Ocular hypertension means the pressure in your eyes – your intraocular pressure (IOP) – is higher than normal. Left neglected, high eye pressure can cause glaucoma and permanent vision loss in some individuals.
Ocular Hypertension Definition
Nevertheless, some individuals can have ocular hypertension without establishing any damage to their eyes or vision, as identified by a thorough eye examination and visual field screening.
- Scientists have approximated that ocular hypertension is 10 to 15 times most likely to take place than main open-angle glaucoma, the most common kind of glaucoma.
- According to the Ocular Hypertension Treatment Study, 4.5 to 9.4 percent of Americans age 40 or older have ocular hypertension, which increases their risk of developing sight-threatening glaucoma.
The term ocular hypertension usually refers to any circumstance where the pressure inside the eye, called intraocular pressure, is higher than regular. Eye pressure is measured in millimeters of mercury (mm Hg). Regular eye pressure ranges from 10-21 mm Hg. Ocular hypertension is an eye pressure of higher than 21 mm Hg.
How Do You Know You Have Ocular Hypertension?
You can’t inform on your own that you have ocular hypertension, because there are no outward signs such as eye pain or red eyes. During a comprehensive eye examination, your eye care practitioner will measure your IOP and compare it with regular levels.
An eye pressure reading of 21 mmHg (millimeters of mercury) or higher normally signifies ocular hypertension.
If you picture your eye as a globe pumped up by pressure, you can better understand why ocular hypertension should be monitored. Pressure that is too expensive or that continues to increase exerts a force within your eye’s interior that can damage the eye’s delicate optic nerve, causing glaucoma.
What Causes High Eye Pressure?
Elements that cause or are connected with ocular hypertension are virtually the like the causes of glaucoma. These consist of:
- Excessive aqueous production. The aqueous (or liquid humor) is a clear fluid that is produced in the eye by the ciliary body, a structure located behind the iris. The aqueous circulations through the student and fills the anterior chamber of the eye, which is the area between the iris and the cornea.
The liquid drains from the eye through a structure called the trabecular meshwork, in the periphery of the anterior chamber, where the cornea and iris fulfill. If the ciliary body produces excessive aqueous, the pressure in the eye increases, causing ocular hypertension.
- Insufficient liquid drainage. If the liquid drains pipes too gradually from the eye, interfering with the regular balance of production and drainage of the eye’s clear fluid, this too will cause high eye pressure.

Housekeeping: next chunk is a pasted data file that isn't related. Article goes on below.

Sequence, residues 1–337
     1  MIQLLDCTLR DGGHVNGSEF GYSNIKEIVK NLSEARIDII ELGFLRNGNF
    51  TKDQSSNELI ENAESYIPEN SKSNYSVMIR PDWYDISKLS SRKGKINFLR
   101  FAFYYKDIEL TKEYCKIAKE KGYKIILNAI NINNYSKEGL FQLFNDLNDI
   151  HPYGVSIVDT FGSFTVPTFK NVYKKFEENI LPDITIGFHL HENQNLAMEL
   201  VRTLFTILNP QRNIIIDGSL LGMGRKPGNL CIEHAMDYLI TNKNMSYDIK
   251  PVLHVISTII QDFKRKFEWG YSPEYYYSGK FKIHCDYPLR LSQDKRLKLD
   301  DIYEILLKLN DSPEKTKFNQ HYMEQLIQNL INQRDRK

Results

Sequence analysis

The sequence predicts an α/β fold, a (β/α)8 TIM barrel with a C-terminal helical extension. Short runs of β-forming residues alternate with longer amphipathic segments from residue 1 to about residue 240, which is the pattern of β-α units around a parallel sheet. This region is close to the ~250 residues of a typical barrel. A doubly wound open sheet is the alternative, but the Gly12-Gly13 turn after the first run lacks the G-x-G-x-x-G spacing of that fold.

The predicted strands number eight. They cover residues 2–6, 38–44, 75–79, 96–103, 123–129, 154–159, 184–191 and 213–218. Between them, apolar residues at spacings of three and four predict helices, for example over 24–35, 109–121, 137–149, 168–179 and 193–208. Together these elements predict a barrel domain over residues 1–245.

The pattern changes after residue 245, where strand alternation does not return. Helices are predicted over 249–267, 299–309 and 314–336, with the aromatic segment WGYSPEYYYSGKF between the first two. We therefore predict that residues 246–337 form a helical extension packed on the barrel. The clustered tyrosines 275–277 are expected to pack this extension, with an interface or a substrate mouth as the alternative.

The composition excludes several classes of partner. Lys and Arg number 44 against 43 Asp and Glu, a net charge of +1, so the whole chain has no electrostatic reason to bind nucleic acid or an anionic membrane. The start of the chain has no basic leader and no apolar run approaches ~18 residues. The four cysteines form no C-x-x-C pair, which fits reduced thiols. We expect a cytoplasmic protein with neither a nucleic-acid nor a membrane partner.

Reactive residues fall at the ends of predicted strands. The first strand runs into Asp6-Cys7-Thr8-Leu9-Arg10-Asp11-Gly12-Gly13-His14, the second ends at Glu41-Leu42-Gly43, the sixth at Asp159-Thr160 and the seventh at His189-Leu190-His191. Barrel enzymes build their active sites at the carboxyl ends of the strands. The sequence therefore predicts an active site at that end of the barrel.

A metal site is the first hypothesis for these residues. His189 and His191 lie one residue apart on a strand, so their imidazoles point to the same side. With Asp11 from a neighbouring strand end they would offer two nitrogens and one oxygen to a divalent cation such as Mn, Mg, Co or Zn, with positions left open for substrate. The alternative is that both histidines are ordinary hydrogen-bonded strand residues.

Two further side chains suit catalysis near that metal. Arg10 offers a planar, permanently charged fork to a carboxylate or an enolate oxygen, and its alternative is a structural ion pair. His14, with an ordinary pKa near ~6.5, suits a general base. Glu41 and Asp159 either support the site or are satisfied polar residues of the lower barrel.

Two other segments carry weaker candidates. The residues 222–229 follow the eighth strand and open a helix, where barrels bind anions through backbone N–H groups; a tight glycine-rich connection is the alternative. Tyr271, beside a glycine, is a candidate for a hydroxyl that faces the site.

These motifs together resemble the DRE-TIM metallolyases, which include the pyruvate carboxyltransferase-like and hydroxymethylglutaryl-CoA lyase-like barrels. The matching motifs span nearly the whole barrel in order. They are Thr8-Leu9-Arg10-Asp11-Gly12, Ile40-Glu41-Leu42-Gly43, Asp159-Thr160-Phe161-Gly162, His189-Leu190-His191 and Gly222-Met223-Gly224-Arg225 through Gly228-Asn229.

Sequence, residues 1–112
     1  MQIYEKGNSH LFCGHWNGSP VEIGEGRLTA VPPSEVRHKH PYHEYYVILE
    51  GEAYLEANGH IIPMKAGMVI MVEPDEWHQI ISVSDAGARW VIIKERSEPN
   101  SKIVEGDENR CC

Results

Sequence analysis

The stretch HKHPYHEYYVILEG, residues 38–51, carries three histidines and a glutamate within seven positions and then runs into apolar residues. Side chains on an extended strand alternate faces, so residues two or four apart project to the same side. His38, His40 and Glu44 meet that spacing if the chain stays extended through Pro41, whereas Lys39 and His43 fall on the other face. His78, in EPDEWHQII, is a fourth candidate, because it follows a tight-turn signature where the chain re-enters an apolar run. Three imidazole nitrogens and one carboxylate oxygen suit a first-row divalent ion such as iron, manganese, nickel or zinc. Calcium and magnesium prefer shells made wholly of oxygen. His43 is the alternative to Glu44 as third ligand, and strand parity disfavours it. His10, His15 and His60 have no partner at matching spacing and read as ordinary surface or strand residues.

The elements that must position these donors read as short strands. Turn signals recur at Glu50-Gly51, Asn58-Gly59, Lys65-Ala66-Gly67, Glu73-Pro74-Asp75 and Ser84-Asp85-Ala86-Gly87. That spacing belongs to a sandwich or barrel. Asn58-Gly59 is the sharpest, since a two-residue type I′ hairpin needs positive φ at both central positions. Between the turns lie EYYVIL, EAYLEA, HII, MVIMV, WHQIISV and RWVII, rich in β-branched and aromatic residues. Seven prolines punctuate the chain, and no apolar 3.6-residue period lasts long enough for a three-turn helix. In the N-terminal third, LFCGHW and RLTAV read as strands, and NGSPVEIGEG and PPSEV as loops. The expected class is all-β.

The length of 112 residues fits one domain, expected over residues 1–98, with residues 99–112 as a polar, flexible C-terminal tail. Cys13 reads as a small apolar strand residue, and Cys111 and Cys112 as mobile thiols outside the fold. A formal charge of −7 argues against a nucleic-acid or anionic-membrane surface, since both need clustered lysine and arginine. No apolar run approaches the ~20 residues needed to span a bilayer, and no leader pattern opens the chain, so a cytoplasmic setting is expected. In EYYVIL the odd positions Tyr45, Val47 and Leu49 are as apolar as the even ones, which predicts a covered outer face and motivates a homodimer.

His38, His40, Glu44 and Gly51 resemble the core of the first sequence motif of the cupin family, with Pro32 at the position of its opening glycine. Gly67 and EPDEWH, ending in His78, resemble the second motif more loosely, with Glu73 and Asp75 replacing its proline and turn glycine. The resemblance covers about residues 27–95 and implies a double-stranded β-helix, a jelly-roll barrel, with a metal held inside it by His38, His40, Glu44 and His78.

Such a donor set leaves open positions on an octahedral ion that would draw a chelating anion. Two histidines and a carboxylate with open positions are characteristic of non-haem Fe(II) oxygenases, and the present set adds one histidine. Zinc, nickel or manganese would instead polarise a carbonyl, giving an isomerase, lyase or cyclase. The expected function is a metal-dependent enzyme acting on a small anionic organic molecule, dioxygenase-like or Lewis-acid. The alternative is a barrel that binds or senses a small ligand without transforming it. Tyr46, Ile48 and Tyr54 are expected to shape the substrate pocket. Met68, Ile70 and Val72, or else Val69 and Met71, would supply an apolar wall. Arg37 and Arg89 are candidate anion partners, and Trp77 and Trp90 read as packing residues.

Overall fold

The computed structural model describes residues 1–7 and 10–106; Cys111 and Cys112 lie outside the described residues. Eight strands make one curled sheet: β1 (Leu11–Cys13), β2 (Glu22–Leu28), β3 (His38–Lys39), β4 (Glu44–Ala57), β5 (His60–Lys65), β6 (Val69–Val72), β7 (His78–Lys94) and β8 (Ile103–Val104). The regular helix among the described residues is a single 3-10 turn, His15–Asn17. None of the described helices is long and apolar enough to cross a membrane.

- Certain medications can have the side effect of causing ocular hypertension in specific individuals. Steroid medicines used to treat asthma and other conditions have been shown to increase the risk for ocular hypertension.
Even steroid eye drops used after LASIK and other refractive surgery can cause high eye pressure in susceptible individuals. If you have been recommended steroid medications for any factor, seek advice from your optometrist to see how often you ought to have your IOP inspected.
- Eye injury. An injury to the eye can affect the balance of aqueous production and drain from the eye, possibly resulting in ocular hypertension.
Sometimes this can happen months or years after the injury. During your routine eye tests, be sure to mention to your doctor if you have actually experienced any eye trauma recently or in the past.
- Other eye conditions. Ocular hypertension has actually been connected with a variety of other eye conditions, including pseudoexfoliation syndrome, pigment dispersion syndrome and corneal arcus.
If you have any of these conditions, your eye doctor might recommend that you have more frequent eye exams and eye pressure measurements.
Also, race, age and family history contribute in your risk for ocular hypertension and glaucoma. Though anyone can establish high eye pressure, African-Americans, people over age 40, and people with a family history of ocular hypertension or glaucoma are at higher risk.
Individuals with thinner-than-normal central corneal density measurements likewise may be at higher risk of ocular hypertension and glaucoma, according to researchers.
Ocular Hypertension Treatment
If your optometrist discovers you have ocular hypertension, she or he might prescribe eye drops to reduce your eye pressure.
Since these medications can have side effects, some eye doctors opt to monitor your IOP and act just if you reveal other signs of developing glaucoma.
In many cases (or if eye drops are ineffective in reducing your IOP), your optometrist might recommend other glaucoma treatment measures, consisting of glaucoma surgery, to treat high eye pressure.
At a minimum, since of the increased risk for glaucoma with ocular hypertension, you need to have your IOP measured at advised periods to monitor the condition.